- Eli Lilly and Co.'s experimental breast cancer drug abemaciclib significantly cut the risk of disease progression in a late-stage trial, bolstering the drug's potential to become a new source of growth for the Indianapolis pharma's oncology business.
- Updated results from a late-stage study known as MONARCH 3, presented over the weekend at the European Society of Medical Oncology's annual meeting, showed abemaciclib in combination with an aromatase inhibitor extended progression-free survival in previously untreated patients with metastatic breast cancer.
- Eli Lilly has previously said abemaciclib could be best in class, yet it's not clear whether the data disclosed to date will be enough to outshine rival drugs already marketed by Pfizer Inc. and Novartis AG.
Eli Lilly, which said this week it would trim 3,500 jobs from its global workforce, is in the midst of revamping its approach to cancer drug development. And abemaciclib is at the center of those new plans, a crown jewel in a pipeline that otherwise lags behind oncology leaders.
"We do think abemaciclib is an exemplar of the kind of cancer drug that we want Lilly to be known for," said Levi Garraway, Lilly's new head of oncology global development and medical affairs, in an interview.
MONARCH 3 tested abemaciclib in combination with either anastrozole or letrozole as a first-line treatment for women with hormone receptor-positive (HR+), human epidermal growth factor receptor 2-negative (HER2-) advanced breast cancer.
According to interim data unveiled over the weekend, adding abemaciclib to treatment led to a nearly 60% response rate in patients with measurable disease, versus 44% for those treated with an aromatase inhibitor alone.
Median progression-free survival was not reached in the abemaciclib arm, although the results showed a roughly 46% reduction in relative risk. Lilly had previously reported the study met its primary endpoint without disclosing specific details on the drug's benefit.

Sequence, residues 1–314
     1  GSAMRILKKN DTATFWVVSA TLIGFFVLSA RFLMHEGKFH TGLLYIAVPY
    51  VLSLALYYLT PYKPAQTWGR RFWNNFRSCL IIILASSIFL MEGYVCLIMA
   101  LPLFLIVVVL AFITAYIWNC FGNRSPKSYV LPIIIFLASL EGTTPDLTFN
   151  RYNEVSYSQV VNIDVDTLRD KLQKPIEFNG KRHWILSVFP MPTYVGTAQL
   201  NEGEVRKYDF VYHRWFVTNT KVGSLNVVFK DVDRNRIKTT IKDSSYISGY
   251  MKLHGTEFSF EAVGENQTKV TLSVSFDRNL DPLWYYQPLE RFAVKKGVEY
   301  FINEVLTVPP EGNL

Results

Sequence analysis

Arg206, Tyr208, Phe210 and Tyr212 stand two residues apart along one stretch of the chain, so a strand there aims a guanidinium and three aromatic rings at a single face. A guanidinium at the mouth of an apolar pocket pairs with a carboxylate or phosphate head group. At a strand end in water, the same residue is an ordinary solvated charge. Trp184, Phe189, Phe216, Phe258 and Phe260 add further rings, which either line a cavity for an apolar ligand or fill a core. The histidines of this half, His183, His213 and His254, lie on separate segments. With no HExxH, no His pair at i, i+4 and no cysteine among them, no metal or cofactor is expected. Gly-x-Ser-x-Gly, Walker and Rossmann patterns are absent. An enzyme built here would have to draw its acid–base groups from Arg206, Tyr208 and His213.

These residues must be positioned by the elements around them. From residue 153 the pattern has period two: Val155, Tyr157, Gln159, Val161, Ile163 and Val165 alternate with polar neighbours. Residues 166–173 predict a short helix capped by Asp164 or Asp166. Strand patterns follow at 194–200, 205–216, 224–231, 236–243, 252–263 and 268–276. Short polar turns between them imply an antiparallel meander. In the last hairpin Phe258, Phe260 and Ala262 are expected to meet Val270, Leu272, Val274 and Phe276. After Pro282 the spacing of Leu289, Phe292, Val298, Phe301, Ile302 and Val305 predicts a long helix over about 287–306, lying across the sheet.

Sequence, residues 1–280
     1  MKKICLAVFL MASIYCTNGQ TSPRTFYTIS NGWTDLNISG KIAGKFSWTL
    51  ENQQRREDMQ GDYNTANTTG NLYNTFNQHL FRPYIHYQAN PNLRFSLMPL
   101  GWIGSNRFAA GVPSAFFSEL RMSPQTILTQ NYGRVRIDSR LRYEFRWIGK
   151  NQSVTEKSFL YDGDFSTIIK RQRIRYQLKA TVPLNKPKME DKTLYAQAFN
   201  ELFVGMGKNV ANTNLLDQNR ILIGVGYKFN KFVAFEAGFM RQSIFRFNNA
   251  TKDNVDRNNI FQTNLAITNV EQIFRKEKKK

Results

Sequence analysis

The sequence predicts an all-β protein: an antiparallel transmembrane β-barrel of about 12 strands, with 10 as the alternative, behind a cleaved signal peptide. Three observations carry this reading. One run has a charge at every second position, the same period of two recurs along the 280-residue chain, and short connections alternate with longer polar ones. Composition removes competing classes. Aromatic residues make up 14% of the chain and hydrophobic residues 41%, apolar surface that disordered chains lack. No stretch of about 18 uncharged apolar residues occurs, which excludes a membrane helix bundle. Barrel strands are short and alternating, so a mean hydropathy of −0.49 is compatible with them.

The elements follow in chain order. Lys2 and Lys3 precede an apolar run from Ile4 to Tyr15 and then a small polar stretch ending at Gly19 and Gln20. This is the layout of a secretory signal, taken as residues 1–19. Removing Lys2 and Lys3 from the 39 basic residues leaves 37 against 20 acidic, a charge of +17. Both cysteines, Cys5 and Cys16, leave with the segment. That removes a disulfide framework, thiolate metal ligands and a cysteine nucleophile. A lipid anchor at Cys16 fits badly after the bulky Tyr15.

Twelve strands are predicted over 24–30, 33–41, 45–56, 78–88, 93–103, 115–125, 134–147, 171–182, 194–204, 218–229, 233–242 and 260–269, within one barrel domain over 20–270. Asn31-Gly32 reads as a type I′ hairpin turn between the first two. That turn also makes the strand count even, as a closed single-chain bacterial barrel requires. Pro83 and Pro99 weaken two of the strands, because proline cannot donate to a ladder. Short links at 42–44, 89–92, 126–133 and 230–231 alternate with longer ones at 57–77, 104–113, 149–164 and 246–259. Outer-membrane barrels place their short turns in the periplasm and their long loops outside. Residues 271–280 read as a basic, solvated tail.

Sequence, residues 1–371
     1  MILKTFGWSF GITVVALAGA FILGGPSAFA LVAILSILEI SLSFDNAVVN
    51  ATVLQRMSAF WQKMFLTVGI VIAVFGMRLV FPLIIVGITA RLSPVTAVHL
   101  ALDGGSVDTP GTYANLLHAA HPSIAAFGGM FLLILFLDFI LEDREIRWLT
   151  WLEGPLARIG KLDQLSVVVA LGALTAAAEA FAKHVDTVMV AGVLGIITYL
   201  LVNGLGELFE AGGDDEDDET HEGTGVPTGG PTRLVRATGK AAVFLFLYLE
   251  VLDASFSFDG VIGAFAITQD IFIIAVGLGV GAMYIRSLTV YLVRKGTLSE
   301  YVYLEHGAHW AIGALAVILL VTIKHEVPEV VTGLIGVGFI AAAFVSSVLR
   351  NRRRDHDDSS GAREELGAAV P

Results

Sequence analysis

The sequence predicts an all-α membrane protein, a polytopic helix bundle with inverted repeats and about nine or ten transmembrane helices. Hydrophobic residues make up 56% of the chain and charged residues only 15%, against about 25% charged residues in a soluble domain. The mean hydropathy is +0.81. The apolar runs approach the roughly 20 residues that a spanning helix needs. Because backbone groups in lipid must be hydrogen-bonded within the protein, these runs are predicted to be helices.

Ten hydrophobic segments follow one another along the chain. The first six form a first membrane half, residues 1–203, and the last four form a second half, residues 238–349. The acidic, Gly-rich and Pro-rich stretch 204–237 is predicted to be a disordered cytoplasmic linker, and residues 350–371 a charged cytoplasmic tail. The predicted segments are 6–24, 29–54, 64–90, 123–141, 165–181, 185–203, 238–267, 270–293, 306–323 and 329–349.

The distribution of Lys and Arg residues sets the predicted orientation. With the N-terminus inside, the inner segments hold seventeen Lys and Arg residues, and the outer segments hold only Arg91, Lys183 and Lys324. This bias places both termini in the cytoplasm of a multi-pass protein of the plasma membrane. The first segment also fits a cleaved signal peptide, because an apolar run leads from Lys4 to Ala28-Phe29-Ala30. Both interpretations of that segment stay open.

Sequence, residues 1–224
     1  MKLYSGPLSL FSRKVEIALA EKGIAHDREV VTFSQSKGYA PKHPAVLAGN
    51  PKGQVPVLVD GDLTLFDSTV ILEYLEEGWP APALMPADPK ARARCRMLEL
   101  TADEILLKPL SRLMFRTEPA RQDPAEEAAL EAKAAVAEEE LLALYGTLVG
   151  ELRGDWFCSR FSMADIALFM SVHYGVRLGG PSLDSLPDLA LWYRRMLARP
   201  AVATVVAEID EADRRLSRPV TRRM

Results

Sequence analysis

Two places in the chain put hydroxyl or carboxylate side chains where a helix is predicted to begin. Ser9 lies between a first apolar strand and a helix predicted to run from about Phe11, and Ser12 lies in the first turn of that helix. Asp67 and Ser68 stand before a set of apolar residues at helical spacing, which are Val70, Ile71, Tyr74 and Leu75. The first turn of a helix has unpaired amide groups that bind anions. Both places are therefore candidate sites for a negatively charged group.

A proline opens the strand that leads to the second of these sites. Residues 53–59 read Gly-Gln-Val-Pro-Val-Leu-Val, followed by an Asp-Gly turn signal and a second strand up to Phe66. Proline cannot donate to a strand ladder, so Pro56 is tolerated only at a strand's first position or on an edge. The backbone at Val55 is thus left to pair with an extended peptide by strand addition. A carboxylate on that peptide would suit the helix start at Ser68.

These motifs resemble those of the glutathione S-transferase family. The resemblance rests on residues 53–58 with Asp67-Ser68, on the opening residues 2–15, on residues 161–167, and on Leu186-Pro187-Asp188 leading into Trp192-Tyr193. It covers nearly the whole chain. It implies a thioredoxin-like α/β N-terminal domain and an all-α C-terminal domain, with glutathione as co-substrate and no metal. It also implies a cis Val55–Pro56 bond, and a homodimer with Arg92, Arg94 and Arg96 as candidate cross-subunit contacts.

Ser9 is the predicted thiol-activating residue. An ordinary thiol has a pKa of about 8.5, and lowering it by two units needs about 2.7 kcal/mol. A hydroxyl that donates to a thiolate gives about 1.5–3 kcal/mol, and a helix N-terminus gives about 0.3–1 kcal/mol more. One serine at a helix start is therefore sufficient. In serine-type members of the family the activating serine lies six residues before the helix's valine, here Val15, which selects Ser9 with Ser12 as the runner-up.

The results put abemaciclib roughly on par with Pfizer's Ibrance (palbociclib) and Novartis' Kisqali (ribociclib) in the first-line setting, although cross-trial comparisons are always challenging. Yet, abemaciclib isn't clearly superior to either, potentially making it more difficult to break into the market if it is approved.
All three drugs inhibit CDK 4/6, two proteins that regulate cellular proliferation. Positive clinical results, coupled with Ibrance's rapid sales growth, have boosted interest in the class as a whole.
Lilly believes abemaciclib's ability to be dosed continuously could be an advantage over those two drugs, as could its flexibility in being paired with either anastrozole or letrozole (comparative studies of Ibrance and Kisqali only included letrozole).
"The thinking was whatever doctors are used to giving, layering abemaciclib on top of that and showing a benefit in either case would be helpful for the community," Garraway said.
Patients treated with abemaciclib, however, experience high rates of diarrhea — a tradeoff for any potential gains in efficacy. In MONARCH 3, eight out of ten patients had diarrhea, with nearly 10% reporting more severe Grade 3 diarrhea.
Neutropenia, reported in 41% of patients, was also substantially more common in the treatment arm than among patients receiving placebo (only 1.9%). Both Ibrance and Kisqali led to higher rates of neutropenia in their respective studies.
More worrying, however, were 16 cases of venous thromboembolism in patients on abemaciclib versus only one on placebo. This imbalance was not previously reported and has not been seen with the other drugs, wrote Cowen & Co. analyst Steve Scala in a Sept. 11 note.
Analysts currently predict peak sales of abemaciclib approaching $2 billion, making the drug crucial to Lilly's future revenue growth amid a tightening diabetes market. Moreover, delays to Lilly's arthritis hopeful barictinib have made success with abemaciclib more important.
Editor's note: This article has been updated to include additional safety information.